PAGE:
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Robin Williamson: Songwriting and the Bardic Tradition (1 of 3)

I’ll sing you this October song

For there is no song before it

The words and tune are none of my own

My joys and sorrows bore it

 

—from "October Song"

     These opening lines of the first song Robin Williamson ever wrote are the words not of your average teenaged Scottish boy, but those of a young man gazing into the deep, disquieting waters of the bardic tradition. They set up both the song and Williamson’s lifelong attempt to make poetic sense of his place in a world and in a history stretching back farther and wider than most of us bother to think about. This was heady stuff for a teenager. It’s no less heady now, 35 years later.

     Today Robin Williamson is considered a bardic poet as well as one of the most widely-travelled and prolific veterans of the folk revival. Many remember him as co-founder of the Incredible String Band in the ‘60s. Many more discovered him as he developed and grew through the following decades, first with his ‘70s quartet, The Merry Band, and then as a solo artist, turning increasingly to his Celtic roots for inspiration.

     What makes Robin unique is his way of blurring distinctions between songs and poems, or between poems and mythic tales. He uses them all to guide his audiences from realms hilarious to achingly beautiful. Since the early ‘80s, his solo concerts have really been meticulously-shaped theater pieces comprising songs accompanied on harp or guitar and long stories, both comic and serious, marked by multiple voices and musical interludes. One might have a hard time, after one of Robin’s concerts, explaining exactly what happened or why they were so moved. This may help explain why the popular media doesn’t always know what to make of Robin.

     Robin’s been based in Cardiff, Wales for over ten years now. During that time he has participated in an astonishing variety of musical and historical projects, staged and televised, solo and with other artists and ensembles. He returned to the stage with String Band co-founder Mike Heron briefly last year and just recorded a CD with his other original band-mate, Clive Palmer. Among his other recent CDs are two in a series called Gems of Celtic Story, an album recorded with a brass band, and his first exclusively traditional album of songs, A Job of Journeywork. His new original songs are as sensual and intelligent as the best of his older work. He seems to demand as much of himself as he does of his audiences.

     Robin just toured the west coast for the first time in nearly five years. After giving a workshop on Storytelling and the Bardic Tradition in Sebastopol, California, he provided some insights on his work as both poet and songwriter.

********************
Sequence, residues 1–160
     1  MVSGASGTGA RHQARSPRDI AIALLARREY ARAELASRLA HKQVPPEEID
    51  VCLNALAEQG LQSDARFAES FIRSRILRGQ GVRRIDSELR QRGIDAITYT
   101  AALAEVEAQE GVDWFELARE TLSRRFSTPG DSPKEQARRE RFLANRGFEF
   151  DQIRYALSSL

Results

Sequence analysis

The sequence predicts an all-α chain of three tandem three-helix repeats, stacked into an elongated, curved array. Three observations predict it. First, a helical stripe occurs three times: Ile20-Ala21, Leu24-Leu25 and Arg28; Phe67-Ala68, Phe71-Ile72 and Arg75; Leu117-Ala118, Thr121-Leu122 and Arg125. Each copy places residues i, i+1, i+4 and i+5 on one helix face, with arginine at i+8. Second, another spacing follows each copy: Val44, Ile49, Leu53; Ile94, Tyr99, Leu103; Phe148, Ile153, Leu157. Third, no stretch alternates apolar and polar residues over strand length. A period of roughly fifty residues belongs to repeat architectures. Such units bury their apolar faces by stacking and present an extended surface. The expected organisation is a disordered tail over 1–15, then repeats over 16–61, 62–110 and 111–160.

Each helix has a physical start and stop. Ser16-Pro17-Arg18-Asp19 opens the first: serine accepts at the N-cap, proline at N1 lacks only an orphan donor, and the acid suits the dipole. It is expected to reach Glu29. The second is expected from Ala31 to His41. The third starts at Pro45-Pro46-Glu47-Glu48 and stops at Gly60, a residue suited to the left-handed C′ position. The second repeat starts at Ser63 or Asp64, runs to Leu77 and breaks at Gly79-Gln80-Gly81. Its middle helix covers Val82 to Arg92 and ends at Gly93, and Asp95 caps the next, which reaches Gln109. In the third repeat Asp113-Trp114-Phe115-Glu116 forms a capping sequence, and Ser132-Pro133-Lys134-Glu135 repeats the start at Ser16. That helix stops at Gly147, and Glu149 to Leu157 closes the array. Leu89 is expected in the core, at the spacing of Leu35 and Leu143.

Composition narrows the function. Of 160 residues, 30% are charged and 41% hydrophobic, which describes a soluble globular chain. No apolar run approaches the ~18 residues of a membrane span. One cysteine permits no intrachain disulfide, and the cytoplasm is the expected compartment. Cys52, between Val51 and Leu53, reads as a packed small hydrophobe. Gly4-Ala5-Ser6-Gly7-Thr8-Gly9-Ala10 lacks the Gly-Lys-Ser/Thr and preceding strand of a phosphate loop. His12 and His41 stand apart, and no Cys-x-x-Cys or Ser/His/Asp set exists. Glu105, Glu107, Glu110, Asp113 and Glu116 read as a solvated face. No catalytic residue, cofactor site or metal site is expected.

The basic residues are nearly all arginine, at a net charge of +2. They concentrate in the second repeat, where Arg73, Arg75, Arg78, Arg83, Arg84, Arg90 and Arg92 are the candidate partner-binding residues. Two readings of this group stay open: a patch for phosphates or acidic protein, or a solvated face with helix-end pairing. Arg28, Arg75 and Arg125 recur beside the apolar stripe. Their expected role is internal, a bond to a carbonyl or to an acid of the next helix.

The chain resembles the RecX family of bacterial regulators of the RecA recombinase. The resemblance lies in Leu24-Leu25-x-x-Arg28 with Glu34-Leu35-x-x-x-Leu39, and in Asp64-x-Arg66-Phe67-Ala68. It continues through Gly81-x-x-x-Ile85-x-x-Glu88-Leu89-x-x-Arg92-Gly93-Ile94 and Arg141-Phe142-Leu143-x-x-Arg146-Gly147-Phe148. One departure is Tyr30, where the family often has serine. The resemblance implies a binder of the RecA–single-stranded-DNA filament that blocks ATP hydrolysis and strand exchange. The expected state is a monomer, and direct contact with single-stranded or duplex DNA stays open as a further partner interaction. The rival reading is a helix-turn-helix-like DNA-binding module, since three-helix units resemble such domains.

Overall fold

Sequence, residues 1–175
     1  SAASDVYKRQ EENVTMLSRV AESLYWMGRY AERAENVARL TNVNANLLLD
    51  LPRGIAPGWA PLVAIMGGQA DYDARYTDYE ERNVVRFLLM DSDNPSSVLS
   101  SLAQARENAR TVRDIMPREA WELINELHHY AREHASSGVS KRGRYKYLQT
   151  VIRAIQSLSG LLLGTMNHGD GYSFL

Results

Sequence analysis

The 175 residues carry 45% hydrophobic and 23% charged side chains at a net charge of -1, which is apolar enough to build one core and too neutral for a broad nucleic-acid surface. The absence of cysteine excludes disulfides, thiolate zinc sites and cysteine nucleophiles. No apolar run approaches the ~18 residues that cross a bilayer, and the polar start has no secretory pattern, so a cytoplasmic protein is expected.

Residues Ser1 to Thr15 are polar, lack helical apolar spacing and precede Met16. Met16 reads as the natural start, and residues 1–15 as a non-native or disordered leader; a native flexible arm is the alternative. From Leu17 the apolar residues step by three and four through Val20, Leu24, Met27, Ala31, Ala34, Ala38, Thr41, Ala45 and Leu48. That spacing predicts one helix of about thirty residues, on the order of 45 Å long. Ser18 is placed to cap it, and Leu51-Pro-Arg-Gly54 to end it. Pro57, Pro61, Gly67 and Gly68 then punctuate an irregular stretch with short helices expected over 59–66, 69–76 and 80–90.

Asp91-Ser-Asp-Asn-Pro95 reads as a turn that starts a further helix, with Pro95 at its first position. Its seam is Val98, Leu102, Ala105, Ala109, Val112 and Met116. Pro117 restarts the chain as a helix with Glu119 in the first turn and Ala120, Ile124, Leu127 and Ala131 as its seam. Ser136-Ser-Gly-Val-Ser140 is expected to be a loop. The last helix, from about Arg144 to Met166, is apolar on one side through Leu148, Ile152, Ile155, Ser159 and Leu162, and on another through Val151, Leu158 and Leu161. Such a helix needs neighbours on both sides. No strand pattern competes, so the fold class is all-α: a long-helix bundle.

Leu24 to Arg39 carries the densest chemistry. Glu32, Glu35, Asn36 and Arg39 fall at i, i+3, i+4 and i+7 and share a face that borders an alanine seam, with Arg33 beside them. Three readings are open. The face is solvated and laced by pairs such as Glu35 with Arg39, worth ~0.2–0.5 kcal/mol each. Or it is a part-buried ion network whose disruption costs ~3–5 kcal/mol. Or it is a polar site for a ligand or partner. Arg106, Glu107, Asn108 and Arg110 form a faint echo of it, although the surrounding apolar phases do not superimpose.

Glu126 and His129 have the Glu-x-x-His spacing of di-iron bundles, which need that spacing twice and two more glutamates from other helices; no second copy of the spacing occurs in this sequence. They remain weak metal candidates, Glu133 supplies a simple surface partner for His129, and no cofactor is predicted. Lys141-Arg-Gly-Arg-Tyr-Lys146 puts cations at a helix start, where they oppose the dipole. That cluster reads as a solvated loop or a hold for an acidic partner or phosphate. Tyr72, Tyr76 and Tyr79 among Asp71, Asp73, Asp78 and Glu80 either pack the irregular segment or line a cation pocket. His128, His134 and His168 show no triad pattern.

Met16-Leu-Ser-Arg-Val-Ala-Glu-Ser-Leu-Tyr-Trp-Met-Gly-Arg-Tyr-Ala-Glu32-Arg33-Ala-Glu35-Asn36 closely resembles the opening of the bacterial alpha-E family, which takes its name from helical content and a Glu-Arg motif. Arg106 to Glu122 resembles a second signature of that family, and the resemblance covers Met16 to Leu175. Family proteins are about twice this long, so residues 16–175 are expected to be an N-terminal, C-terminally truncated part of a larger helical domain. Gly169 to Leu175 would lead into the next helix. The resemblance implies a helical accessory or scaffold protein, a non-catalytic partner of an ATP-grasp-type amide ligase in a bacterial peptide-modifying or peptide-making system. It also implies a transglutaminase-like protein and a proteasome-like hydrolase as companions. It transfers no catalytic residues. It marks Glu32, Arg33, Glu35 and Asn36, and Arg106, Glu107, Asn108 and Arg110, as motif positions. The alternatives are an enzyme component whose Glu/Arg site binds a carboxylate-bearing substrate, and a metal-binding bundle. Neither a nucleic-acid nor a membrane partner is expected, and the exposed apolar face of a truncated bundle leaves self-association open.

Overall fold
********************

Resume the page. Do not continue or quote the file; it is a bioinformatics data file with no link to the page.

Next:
In your wild, eclectic days with the Incredible String Band, you seemed to abandon the traditional British Isles folk song form in your writing in favor of songs that stretched every which way and broke all the rules.

     In the ‘60s I was mainly concerned with writing songs that would use various forms of music to convey the lyrics. We were pretty much the first band to explore the notion of World Music as an idea. And it was probably me more than anyone else in the band, who was trying to get the Indian, African, Chinese, music hall, Gilbert & Sullivan, and whatnot into the words. Because it seemed to me that what James Joyce did with Finnegan’s Wake, by breaking down language and taking the language into the realm of highly convoluted puns and layers, it seemed to me that you could take language on the basis of the fact that if all human beings are related, then all human music must be related. Therefore, if you’re going to write a song you can use various forms of music in it. That was my approach then.

Then eventually you felt moved to discard the more far-flung influences and focus in on British Isles traditions?

     It was only later, after the String Band, when I moved to the States first and began looking at my own life backwards down the telescope, I tried to write songs in the style of what would have been British country music had British country music ever existed. British country music didn’t exist because World Wars One and Two wiped out the young men who would have carried on traditional music into the twentieth century. So British country music didn’t occur. What occurred was a folk revival of antique styles of music. And it seemed to me that it might be an idea to have it being a new traditional music that wasn’t so antique and trying to keep the best of the bits that were there and just update it slightly by talking about things that were relevant and current to oneself or to other people. So I tried to write new words in a traditional form, and update the traditional form to suit the words. Slightly.

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